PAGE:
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ain't anyway asked Aunt bank begun better blame body called canoe comes couldn't dark dead didn't dogs dollars don't door dropped duke easy everything eyes feel fetch fool foot four give glad gone half hands head hear heard hour Huck island it's judged jumped keep killed kind king laid leave light live look Mary mean mighty mile mind minute Miss morning never nigger night piece poor pretty pretty soon raft reckon rest river Sally says seen shoved side sleep stand started stay stopped struck talk tears tell there's thing thought told took town trouble turn Uncle wait warn't watch whole widow wish woods young
Page 1 - YOU don't know about me without you have read a book by the name of The Adventures of Tom Sawyer; but that ain't no matter. That book was made by Mr. Mark Twain, and he told the truth, mainly.
Page 190 - For who would bear the whips and scorns of time, The oppressor's wrong, the proud man's contumely, The pangs of despised love, the law's delay, The insolence of office and the Spurns That patient merit of the unworthy takes, When he himself might his quietus make With a bare bodkin?
Page 124 - Here was this nigger, which I had as good as helped to run away, coming right out flat-footed and saying he would steal his children—children that belonged to a man I didn't even know; a man that hadn't ever done me no harm. I was sorry to hear Jim say that, it was such a lowering of him. My conscience got to stirring me up hotter than ever, until at last I says to it, "Let up on me — it ain't too late yet — I'll paddle ashore at the first light and tell.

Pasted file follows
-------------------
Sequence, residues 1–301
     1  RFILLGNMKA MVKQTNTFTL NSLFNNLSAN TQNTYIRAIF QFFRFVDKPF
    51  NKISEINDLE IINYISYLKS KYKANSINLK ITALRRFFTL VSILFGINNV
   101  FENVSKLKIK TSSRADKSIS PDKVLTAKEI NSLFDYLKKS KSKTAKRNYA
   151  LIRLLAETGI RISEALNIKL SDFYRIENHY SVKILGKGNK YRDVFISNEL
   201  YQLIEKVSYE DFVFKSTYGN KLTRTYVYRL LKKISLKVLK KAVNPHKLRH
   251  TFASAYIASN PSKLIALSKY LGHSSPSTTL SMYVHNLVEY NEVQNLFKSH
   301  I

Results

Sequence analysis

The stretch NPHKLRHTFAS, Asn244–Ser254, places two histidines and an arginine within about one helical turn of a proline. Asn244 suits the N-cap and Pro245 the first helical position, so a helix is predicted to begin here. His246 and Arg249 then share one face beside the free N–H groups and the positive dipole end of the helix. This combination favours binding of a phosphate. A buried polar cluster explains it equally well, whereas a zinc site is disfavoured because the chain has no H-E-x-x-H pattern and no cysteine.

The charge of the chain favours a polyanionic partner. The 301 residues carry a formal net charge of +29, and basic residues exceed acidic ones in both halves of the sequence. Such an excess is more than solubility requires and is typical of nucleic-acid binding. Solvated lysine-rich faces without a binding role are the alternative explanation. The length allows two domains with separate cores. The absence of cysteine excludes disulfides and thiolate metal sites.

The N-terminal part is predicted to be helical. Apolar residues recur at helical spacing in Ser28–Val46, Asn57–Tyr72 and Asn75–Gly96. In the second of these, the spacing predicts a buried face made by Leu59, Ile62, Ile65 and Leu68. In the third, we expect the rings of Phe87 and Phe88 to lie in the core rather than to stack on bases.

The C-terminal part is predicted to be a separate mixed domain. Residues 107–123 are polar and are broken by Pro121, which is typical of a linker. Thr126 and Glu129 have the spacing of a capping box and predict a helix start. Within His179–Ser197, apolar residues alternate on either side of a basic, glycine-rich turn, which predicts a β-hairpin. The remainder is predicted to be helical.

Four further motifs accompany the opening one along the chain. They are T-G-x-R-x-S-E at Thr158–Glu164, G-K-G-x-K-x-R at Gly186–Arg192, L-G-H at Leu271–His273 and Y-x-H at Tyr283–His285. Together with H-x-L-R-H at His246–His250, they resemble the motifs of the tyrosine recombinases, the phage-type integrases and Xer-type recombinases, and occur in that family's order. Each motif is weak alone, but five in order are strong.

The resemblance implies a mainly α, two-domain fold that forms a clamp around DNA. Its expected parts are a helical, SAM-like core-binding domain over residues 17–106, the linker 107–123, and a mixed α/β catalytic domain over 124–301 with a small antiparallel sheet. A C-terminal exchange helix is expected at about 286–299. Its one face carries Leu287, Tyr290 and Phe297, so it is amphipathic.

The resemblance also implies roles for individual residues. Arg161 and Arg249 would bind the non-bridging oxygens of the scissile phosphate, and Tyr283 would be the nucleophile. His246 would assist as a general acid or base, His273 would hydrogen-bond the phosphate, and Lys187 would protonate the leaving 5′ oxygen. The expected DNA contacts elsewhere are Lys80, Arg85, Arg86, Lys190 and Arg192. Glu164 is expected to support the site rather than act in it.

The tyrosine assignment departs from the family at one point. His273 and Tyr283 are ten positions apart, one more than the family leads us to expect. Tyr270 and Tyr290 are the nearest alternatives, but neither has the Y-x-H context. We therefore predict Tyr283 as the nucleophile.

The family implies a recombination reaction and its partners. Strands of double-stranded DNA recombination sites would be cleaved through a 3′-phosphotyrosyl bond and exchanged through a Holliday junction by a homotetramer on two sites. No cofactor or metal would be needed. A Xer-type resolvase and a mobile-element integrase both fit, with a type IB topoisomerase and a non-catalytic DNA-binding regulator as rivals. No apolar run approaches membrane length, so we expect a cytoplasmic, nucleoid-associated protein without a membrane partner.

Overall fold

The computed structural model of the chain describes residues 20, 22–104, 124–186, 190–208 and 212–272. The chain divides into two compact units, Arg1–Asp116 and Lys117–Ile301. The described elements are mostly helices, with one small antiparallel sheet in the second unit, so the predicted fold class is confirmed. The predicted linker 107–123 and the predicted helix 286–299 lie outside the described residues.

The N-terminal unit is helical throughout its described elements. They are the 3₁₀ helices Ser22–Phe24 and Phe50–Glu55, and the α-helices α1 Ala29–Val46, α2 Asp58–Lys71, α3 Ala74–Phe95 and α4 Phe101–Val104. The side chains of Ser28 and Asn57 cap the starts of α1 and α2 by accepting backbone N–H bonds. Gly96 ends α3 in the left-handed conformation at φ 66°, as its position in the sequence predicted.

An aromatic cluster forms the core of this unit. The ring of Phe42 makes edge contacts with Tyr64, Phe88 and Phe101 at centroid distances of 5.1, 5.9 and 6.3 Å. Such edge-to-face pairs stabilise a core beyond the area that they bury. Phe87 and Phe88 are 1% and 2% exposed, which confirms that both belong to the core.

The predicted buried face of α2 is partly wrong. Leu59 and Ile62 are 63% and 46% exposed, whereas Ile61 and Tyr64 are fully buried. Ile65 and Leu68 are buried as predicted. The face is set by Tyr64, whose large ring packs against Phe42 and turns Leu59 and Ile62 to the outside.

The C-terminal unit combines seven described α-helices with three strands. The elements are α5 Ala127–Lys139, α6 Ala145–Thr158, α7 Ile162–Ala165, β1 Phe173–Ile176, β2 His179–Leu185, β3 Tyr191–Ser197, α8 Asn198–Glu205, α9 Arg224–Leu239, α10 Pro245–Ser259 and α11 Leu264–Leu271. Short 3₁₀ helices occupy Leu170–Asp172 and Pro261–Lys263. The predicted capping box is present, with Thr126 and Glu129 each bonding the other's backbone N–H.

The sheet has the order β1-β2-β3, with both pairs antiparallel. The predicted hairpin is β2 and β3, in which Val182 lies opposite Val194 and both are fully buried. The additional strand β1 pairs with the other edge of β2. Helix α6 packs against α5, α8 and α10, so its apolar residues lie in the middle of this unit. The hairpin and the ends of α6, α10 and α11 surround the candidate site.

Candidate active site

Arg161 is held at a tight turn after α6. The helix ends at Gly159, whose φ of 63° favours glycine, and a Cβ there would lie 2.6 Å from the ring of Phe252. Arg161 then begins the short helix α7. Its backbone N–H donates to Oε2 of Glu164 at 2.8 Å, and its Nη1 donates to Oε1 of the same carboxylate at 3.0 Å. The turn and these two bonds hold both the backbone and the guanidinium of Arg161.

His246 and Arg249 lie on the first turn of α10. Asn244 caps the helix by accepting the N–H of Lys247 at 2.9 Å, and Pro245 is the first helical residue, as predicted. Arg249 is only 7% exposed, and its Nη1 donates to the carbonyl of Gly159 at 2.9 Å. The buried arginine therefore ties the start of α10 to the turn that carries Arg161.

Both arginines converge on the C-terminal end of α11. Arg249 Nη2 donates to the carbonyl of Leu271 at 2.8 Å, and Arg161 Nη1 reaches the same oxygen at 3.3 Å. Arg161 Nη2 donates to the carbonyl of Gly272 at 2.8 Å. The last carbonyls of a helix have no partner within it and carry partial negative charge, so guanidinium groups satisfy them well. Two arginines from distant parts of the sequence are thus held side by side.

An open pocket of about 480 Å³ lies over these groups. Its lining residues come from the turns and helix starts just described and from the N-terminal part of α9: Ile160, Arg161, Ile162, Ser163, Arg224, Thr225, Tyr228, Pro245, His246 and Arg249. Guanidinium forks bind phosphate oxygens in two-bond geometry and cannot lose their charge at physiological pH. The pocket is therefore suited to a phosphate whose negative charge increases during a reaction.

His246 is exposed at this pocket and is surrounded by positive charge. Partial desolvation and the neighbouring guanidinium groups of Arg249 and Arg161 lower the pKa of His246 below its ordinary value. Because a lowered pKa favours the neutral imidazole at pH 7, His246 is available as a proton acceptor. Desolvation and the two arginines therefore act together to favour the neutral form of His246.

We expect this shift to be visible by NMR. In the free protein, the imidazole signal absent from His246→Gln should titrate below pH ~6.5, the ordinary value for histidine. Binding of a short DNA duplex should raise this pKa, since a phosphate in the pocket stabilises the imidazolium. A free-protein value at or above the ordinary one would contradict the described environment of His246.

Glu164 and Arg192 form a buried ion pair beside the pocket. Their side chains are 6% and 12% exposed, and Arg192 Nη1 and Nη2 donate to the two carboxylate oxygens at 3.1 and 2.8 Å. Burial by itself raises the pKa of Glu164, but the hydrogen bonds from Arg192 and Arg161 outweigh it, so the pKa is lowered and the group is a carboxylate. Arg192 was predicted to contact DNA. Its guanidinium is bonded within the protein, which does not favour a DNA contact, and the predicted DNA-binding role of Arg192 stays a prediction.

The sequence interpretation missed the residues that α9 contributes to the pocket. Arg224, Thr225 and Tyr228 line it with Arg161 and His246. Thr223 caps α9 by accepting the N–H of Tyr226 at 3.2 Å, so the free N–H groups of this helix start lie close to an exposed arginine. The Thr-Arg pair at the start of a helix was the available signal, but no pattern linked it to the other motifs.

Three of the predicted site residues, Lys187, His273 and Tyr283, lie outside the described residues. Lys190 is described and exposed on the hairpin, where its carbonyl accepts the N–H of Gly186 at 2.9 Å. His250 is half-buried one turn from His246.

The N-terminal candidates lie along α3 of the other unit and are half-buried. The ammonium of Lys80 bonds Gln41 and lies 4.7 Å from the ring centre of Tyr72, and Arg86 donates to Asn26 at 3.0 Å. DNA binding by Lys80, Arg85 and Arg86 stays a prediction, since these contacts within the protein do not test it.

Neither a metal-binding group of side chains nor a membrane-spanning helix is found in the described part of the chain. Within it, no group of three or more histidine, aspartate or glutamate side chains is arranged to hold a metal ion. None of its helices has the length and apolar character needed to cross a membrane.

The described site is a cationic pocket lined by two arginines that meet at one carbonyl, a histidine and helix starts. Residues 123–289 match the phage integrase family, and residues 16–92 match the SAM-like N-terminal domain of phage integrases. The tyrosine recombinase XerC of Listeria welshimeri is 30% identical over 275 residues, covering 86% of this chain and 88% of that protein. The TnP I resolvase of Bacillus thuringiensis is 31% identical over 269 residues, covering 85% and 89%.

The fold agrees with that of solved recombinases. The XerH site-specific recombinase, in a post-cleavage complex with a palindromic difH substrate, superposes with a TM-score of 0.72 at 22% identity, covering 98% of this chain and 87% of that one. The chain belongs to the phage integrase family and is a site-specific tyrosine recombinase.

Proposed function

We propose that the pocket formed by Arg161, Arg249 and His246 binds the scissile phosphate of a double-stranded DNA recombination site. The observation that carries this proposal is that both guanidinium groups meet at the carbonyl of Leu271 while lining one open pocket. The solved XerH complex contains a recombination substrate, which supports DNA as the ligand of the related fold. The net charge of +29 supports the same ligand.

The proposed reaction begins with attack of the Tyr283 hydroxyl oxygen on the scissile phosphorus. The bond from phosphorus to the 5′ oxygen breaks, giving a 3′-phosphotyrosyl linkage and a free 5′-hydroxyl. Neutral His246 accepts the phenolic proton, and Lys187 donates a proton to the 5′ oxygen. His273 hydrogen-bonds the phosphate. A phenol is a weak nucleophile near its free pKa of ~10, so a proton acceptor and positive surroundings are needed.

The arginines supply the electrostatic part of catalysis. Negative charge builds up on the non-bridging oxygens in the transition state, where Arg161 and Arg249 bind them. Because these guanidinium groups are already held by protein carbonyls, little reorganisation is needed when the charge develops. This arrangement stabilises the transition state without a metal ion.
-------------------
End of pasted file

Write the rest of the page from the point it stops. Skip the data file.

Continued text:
Page 2 - The widow rung a bell for supper, and you had to come to time. When you got to the table you couldn't go right to eating, but you had to wait for the widow to tuck down her head and grumble a little over the victuals, though there warn't really anything the matter with them. That is, nothing only everything was cooked by itself. In a barrel of odds and ends it is different; things get mixed up, and the juice kind of swaps around, and the things go better.
Page 111 - Well, then, why ain't it natural and right for a Frenchman to talk different from us? You answer me that." "Is a cat a man, Huck?" "No." "Well, den, dey ain't no sense in a cat talkin' like a man. Is a cow a man? — er is a cow a cat?" "No, she ain't either of them." "Well, den, she ain't got no business to talk like either one er the yuther of 'em. Is a Frenchman a man?" "Yes." "Well, den! Dad blame it, why doan
Page 193 - I wisht you'd len' me a chaw, Jack, I jist this minute give Ben Thompson the last chaw I had...
Page 215 - I knowed what it was about. He was thinking about his wife and his children, away up yonder, and he was low and homesick; because he hadn't ever been away from home before in his life; and I do believe he cared just as much for his people as white folks does for their'n. It don't seem natural, but I reckon it's so.
Page 37 - They said he was a p'f essor in a college, and could talk all kinds of languages, and knowed everything. And that ain't the wust. They said he could vote when he was at home. Well, that let me out. Thinks I, what is the country a-coming to? It was 'lection day, and I was just about to go and vote myself if I warn't too drunk to get there; but when they told me there was a state in this country where they'd let that nigger vote, I drawed out. I says I'll never vote ag'in.
Page 195 - And pretty soon you'd hear a loafer sing out, 'Hi! so boy! sick him, Tige!' and away the sow would go, squealing most horrible, with a dog or two swinging to each ear, and three or four dozen more a-coming; and then you would see all the loafers get up and watch the thing out of sight, and laugh at the fun and look grateful for the noise. Then they'd settle back again till there was a dog-fight.